Posted by: Kathy Temean | December 18, 2010

Illustrator Saturday – Betsy Feeney

Betsy Franco Feeney is an award-winning illustrator working in commercial art for over twenty-five years. Her children’s book work has been described as “meticulously detailed with rare humor and imagination” (Kirkus Reviews). With her Yorkie puppy by her side (or at her feet, or on her lap), she enjoys working in her home studio just outside of New York City.
Betsy’s earlier books were illustrated using watercolors. They were quite labor-intensive, done before she owned a computer. Pencil sketches drawn on tracing paper had to be re-drawn on watercolor paper and then painted. 
The computer is now a prominent tool in Betsy’s art box although she still starts out with free-hand drawing in pencil on paper.
She will either draw from life or set up a photo shoot of her character. Never tracing the photos, Betsy will refer to them for her pencil sketches.
“Imagination greatly comes into play when you have a Basset Hound that can dance and you have an algae band afraid of being eaten by a robin”, points out Betsy.
Those were just two scenarios she had to depict for her book, “Amoeba Hop” based on a song of the same name by celebrated singer/songwriter Christine Lavin. Betsy met with scientists who reviewed her drawings while the book was in sketch stage.
Although she took much artistic license, there were basic properties of the microscopic creatures that the scientists made sure were correctly depicted. “I love doing research for new books”, says Betsy, “I learn so many interesting facts”. 
Betsy now scans her very lively first sketches into the computer and she no longer has to re-draw them on art paper. Instead, in photoshop, she makes the pencil sketch much blacker and then prints it out on watercolor paper so she can paint right on top of it. “That first-sketch liveliness is something I always missed in my earlier finishes” says Betsy. “Now, with the help of the computer, I no longer lose it by having to re-draw”.  
Because the ink jet printout would smear with applied watercolor, Betsy has switched to Grumabacher Max and Windsor Newton Artisan which are oil paints that clean up with soapy water. She still uses 000 watercolor brushes and paint for adding fine details on top, however. The results of this process are quite striking and no re-drawing saves time.
Betsy recently attended the NJ SCBWI conference in Princeton and she used the computer even more. Staring out the same way with pencil sketches, she scanned and sized all of the artwork in layers in photoshop.
Then, she even placed flat colors onto the drawings (also in photoshop) and this time, Betsy printed the illustration on Epson Velvet fine Art paper (made for ink jet printers). With colored pencils, she shaded the Halloween spread and then scanned the shaded illustration back into her computer.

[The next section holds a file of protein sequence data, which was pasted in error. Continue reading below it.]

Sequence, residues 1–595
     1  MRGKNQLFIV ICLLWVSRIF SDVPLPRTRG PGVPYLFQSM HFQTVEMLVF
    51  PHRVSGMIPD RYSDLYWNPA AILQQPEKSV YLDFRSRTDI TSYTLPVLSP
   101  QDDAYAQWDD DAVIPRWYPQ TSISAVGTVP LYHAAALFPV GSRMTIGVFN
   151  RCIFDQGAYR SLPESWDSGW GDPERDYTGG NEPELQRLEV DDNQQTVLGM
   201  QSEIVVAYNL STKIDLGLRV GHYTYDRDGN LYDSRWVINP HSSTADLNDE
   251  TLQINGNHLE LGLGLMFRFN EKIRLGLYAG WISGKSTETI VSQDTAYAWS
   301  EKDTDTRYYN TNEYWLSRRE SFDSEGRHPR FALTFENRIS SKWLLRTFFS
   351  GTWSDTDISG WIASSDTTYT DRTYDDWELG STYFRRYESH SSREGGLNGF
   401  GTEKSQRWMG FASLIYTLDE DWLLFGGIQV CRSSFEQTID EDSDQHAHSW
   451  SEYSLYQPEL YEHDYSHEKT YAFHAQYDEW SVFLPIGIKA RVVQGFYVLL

Using photoshop, the spread became much more dramatic by creating a layer copy in the “multiply” mode. “Try it if you are timid with shading as I am,” Betsy suggests. “Then, whatever part of the spread you want to highlight, you can use the eraser tool to get rid of the extra, darker layer. That is what I did with the horse’s mane and tail, for instance”. She also took a photo of an actual road surface and one of grass and brought them into the Halloween spread. It became a collage of sorts.
Betsy is now working on a new book and continuesto experiment with how the computer can help enhance her hand-drawn images. One of her other freelance jobs is designing and painting theater sets. Set designing reaffirms the key step of setting the scene for her characters to live in. “The background is very important in my art. Working in layers in photoshop helps me to compose the pictures more easily. If every character and background element has its own layer, I can shift around the elements without a lot of re-drawing”.
I guess it comes back to that same thing for her, the all-important first-sketch liveliness. “In all of the ways the computer has enhanced my art, that is the number one thing I love about it.”

You can view more of Betsy’s art on several pages of this website :


Hope you enjoyed visiting with Betsy.  I know I enjoyed showing her off.


Talk tomorrow,


  1. Wow, thanks for sharing. I think I just became a fan of Betsy Feeney. Seeing her process is awesome (esp. drawing from the photos), and I love the emotion and playfulness in her work.

    I’d love to see if they have her books at the local library where I read.


  2. Wonderful article! I love seeing the process as well. It has given me a new way to look at illustration. I will be on the lookout for Betsy’s books for my grandchildren.


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